Mars on Earth

December 28, 2009

Marsonearth2

Photographer: Kelly E. Fast
Summary Author: Kelly E. Fast; Jim Foster

The photo above looks as though it could have been captured by one of the Mars rovers; however, it was actually taken approaching the summit of Mauna Kea on the Big Island of Hawaii, which is one of the best sites in the world for astronomical observations. Earlier this month, a group of scientists from NASA’s Goddard Space Flight Center visited the mountain to observe the planet Mars. But a telescope wasn’t needed to see the “Mars on Earth” that lay just down the road. This rock strewn, rust colored volcanic landscape, consisting largely of basaltic lava, resembles parts of the Red Planet’s barren surface, highlighting similarities that exist between the two different worlds. Alpine and polar locations on some areas of our watery planet have proved to be reliable analogs for studying Martian geology and geomorphology. Of course, don’t expect to see cerulean blue skies on Mars. Suspended dust in the thin Martian atmosphere effectively scatters sunlight - some absorption occurs as well. Thus, even at midday the Martian sky is often the color of butterscotch or amber. Photo taken near the top of the 13,796 ft (4,205 m) summit of Mauna Kea in early December 2009.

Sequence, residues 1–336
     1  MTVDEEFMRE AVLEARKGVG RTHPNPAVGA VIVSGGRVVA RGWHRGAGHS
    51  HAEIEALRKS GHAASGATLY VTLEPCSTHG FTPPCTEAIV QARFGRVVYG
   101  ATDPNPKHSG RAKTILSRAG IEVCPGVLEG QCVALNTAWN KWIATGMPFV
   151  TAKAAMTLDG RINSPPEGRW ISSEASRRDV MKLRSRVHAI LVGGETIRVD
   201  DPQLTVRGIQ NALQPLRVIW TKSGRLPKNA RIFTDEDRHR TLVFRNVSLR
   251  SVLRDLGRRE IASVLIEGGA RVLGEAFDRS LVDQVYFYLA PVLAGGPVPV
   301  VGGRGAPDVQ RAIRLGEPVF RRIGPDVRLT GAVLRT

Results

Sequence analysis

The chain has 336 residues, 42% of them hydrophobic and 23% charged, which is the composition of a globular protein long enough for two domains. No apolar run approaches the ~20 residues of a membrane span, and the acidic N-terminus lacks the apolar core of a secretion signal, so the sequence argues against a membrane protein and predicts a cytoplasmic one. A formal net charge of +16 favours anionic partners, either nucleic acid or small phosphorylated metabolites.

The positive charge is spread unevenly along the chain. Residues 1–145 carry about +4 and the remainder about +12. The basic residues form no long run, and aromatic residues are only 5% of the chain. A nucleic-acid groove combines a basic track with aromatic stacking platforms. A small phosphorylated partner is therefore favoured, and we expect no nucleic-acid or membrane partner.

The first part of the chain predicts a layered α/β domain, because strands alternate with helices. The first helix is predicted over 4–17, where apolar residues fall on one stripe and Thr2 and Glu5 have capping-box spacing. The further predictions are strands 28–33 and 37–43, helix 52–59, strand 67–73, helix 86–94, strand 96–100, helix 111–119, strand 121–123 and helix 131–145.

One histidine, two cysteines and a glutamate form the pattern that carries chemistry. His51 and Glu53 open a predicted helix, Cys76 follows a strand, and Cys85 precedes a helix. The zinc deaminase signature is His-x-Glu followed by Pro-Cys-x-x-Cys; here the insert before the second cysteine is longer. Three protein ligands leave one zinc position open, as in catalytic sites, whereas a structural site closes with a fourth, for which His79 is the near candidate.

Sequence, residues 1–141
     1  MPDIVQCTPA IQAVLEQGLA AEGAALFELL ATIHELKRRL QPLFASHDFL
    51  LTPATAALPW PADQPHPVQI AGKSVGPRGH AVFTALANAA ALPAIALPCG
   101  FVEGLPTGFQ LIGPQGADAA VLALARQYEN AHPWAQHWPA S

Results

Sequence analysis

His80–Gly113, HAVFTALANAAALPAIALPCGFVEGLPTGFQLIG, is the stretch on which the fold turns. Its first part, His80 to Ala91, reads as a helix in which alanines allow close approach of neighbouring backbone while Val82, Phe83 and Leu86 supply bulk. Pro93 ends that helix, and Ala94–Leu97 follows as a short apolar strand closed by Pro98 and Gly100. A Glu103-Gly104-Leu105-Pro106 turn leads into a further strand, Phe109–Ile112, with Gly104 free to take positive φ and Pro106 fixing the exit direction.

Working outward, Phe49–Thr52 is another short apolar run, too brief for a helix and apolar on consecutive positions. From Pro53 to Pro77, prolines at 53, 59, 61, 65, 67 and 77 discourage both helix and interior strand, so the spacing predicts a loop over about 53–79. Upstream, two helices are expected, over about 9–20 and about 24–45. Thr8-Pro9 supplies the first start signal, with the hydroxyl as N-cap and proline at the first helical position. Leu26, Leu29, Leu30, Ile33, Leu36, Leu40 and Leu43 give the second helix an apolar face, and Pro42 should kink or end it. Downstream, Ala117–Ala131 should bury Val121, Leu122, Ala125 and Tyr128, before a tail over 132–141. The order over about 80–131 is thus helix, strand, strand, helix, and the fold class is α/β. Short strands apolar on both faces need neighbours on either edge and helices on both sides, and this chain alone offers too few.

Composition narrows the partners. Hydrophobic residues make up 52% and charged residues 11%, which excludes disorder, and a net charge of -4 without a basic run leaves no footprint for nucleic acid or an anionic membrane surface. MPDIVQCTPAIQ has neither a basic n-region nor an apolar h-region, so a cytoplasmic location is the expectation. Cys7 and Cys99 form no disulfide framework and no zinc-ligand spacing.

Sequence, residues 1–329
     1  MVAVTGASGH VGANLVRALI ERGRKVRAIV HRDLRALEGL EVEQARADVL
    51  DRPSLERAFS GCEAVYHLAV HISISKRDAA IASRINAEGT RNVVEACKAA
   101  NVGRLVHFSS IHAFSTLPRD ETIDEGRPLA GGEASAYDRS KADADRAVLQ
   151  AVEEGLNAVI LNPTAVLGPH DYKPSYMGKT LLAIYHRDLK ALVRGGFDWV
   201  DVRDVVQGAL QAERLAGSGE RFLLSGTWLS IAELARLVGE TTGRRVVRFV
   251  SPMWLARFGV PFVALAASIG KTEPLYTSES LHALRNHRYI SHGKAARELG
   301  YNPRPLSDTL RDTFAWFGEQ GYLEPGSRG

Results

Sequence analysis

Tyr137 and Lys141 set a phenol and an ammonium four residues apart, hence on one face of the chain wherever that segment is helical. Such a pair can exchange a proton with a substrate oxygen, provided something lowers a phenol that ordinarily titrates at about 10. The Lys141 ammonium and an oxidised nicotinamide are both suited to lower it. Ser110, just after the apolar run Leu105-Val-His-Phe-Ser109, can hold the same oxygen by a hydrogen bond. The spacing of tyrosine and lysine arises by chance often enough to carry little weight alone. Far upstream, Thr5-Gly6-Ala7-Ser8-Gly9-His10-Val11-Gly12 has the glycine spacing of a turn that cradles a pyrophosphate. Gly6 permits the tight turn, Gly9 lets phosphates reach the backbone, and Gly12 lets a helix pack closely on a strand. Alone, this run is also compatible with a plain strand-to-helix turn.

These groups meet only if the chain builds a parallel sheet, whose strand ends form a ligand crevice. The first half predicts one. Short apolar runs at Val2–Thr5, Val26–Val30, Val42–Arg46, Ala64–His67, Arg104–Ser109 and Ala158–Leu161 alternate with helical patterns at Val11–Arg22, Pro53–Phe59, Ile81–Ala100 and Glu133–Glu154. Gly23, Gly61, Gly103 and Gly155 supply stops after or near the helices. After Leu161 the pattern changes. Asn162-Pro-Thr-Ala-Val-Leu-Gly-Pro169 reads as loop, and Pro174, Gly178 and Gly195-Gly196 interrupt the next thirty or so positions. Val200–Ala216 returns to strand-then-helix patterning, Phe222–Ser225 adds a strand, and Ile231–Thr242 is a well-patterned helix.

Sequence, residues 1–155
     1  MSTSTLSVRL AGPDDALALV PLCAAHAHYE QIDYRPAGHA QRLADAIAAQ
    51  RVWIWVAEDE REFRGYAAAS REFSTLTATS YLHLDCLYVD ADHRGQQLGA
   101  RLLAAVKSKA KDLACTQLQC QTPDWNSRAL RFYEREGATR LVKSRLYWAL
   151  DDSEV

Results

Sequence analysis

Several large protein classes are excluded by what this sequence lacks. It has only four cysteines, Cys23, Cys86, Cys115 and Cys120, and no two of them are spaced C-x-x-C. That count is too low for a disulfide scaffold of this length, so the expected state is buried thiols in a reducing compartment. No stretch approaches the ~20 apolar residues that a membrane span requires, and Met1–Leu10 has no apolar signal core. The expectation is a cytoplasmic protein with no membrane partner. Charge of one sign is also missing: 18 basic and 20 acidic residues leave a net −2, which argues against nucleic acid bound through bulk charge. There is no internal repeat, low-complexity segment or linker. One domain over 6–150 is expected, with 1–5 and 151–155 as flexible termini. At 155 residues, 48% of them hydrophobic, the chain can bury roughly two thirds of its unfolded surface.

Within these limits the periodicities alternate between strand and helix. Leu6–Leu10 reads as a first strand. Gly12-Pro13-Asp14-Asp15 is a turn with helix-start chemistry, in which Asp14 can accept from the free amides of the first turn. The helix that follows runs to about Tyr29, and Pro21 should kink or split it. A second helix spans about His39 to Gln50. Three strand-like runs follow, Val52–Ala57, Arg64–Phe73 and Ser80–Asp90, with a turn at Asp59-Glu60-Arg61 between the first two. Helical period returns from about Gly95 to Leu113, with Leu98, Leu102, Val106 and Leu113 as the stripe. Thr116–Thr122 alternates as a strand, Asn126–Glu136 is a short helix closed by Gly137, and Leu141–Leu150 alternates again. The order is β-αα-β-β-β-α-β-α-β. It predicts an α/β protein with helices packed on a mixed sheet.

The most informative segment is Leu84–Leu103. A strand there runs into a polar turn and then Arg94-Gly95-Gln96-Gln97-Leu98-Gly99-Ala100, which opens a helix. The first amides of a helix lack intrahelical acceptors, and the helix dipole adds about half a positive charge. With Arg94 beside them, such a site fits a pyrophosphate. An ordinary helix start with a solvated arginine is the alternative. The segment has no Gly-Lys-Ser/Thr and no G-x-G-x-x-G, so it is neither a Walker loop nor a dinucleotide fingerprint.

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Mauna Kea coordinates: 19.824444, -155.473333